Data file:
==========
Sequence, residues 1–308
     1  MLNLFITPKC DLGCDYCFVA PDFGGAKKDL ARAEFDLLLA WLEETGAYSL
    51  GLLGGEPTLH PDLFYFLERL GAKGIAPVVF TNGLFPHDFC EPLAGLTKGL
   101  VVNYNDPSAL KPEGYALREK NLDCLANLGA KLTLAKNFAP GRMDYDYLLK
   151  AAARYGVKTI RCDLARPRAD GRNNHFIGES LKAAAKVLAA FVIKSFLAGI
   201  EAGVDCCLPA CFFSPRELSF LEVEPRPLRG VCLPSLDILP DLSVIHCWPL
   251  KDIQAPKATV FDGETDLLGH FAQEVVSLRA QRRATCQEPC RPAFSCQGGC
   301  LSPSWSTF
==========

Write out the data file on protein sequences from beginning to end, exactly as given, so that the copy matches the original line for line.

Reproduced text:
Sequence, residues 1–308
     1  MLNLFITPKC DLGCDYCFVA PDFGGAKKDL ARAEFDLLLA WLEETGAYSL
    51  GLLGGEPTLH PDLFYFLERL GAKGIAPVVF TNGLFPHDFC EPLAGLTKGL
   101  VVNYNDPSAL KPEGYALREK NLDCLANLGA KLTLAKNFAP GRMDYDYLLK
   151  AAARYGVKTI RCDLARPRAD GRNNHFIGES LKAAAKVLAA FVIKSFLAGI
   201  EAGVDCCLPA CFFSPRELSF LEVEPRPLRG VCLPSLDILP DLSVIHCWPL
   251  KDIQAPKATV FDGETDLLGH FAQEVVSLRA QRRATCQEPC RPAFSCQGGC
   301  LSPSWSTF